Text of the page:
Agri SA equipped to help farmers face challenging future

Agriculture is key to SA’s economy and government must provide legislation to help the sector thrive. Designate CEO Omri van Zyl explains his views on the future of agriculture to Gerhard Uys.

Agri SA equipped to help farmers face challenging future
Omri van Zyl
Photo: Gerhard Uys

What are the greatest challenges facing South African agriculture at the moment?
At Agri SA, we look at issues from a practical point of view. Practically, the drought in the North West, eastern Free State and KwaZulu-Natal is one of our biggest current challenges. Climate and the effects of El Niño will be an important factor in the future of our sector. We are grappling with many policy challenges – land reform, labour costs, diesel rebates, local and international markets, to name only a few. Crime on farms and the safety of farmers, farm workers and their assets are at the forefront of our concerns. The future of the agricultural sector and the needs of farmers are at the heart of all our strategies.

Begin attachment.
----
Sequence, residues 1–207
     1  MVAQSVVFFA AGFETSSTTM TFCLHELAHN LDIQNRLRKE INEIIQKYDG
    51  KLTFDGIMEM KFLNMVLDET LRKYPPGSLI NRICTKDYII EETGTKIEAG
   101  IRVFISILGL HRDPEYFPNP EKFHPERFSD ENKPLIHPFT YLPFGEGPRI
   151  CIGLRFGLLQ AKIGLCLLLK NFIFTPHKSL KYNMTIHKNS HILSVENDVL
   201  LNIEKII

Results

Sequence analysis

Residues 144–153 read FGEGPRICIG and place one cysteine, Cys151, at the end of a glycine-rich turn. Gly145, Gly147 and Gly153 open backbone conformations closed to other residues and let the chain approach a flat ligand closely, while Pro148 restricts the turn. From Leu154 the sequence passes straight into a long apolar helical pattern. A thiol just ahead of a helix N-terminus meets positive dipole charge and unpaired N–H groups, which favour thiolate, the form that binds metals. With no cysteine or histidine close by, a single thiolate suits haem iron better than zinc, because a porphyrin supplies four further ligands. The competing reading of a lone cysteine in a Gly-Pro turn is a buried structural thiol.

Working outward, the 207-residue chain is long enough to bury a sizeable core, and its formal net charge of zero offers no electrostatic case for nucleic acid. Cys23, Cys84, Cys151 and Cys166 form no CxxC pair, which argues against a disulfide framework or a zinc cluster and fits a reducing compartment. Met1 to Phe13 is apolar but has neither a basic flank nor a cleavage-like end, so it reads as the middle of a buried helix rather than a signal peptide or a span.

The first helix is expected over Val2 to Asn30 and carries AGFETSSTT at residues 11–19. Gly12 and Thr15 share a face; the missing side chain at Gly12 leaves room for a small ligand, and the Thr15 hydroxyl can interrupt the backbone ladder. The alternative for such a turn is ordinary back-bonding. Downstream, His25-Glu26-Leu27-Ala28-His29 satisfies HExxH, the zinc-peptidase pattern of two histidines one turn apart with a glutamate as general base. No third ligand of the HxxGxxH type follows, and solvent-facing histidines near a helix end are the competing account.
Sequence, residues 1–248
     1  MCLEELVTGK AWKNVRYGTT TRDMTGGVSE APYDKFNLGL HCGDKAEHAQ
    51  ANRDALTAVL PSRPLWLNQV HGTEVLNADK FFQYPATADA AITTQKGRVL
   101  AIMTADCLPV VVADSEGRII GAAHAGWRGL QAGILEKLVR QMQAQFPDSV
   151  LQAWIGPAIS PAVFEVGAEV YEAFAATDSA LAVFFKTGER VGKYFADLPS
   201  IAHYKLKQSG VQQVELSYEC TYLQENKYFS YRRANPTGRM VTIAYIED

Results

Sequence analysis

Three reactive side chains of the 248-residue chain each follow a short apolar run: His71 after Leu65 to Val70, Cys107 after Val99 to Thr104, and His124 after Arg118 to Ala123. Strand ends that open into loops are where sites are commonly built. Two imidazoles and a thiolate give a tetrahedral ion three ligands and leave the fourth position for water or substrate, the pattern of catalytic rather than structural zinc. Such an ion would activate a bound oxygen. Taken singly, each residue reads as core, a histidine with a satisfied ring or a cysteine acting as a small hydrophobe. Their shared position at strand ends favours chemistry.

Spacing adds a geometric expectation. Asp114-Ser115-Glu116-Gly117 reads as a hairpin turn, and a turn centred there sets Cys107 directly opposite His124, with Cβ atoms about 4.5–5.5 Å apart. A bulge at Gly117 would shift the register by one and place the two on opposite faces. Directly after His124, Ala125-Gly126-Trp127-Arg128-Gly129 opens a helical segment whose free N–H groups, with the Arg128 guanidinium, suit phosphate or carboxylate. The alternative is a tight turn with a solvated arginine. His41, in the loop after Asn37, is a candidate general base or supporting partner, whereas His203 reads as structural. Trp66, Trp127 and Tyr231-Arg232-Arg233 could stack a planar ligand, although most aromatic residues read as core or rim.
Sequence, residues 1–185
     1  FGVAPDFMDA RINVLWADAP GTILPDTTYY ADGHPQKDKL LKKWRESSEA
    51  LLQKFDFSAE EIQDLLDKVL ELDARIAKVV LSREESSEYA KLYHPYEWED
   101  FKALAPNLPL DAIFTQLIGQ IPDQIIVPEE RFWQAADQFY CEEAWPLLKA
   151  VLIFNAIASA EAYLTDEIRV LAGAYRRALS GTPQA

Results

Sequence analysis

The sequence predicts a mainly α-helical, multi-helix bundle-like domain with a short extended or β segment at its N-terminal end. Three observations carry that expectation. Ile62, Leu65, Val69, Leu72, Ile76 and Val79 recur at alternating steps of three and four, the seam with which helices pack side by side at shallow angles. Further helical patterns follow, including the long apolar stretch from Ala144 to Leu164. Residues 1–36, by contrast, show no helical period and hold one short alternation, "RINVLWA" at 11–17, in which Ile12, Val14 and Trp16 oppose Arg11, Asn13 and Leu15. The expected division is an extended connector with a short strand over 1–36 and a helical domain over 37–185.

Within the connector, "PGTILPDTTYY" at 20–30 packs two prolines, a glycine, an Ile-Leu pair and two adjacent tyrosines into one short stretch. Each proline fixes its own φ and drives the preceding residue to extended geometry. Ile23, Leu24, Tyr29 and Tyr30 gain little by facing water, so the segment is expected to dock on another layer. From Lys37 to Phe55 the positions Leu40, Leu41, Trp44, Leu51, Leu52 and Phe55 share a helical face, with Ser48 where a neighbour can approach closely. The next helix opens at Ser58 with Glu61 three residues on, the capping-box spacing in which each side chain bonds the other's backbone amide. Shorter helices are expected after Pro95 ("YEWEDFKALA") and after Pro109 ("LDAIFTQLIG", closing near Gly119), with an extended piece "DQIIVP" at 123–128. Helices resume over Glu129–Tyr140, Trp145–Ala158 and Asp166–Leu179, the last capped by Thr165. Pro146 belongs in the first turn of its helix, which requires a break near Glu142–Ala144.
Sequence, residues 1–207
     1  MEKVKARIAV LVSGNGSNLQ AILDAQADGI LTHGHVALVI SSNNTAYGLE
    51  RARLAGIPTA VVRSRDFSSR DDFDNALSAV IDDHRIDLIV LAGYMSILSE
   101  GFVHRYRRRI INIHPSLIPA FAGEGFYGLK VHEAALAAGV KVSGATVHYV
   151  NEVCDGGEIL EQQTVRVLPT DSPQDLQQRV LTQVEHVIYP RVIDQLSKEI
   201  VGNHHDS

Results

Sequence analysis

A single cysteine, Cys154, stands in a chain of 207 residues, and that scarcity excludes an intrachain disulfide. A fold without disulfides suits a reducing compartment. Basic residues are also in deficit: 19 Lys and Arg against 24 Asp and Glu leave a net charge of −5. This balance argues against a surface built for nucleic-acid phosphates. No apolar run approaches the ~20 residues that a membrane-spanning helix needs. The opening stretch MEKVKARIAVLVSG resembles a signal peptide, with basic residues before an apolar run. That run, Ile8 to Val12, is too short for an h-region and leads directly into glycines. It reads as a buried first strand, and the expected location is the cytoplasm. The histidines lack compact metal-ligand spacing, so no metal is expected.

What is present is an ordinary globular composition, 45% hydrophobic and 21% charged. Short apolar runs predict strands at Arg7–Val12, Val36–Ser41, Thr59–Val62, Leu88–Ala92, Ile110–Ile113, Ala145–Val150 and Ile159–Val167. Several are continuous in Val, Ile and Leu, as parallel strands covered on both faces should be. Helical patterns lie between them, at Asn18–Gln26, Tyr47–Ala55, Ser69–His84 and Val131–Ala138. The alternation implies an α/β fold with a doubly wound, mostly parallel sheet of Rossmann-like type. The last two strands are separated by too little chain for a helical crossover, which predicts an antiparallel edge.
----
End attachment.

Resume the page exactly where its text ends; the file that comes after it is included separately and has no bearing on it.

And the political challenges?
There is a great deal of uncertainty around the issues of land caps and private property rights. We need policy certainty to enable us to work towards sustainable solutions. A line needs to be drawn in the sand somewhere on unresolved land claims, and on the government’s priorities regarding transformation of farmland. Policy and politics sometimes get in the way of sector growth – we need to be scientific and practical about transforming agriculture.

The only way that we can grow the sector and create more jobs is with investment, but international investors are looking at us circumspectly. We have to grow the sector and pull everybody along with us.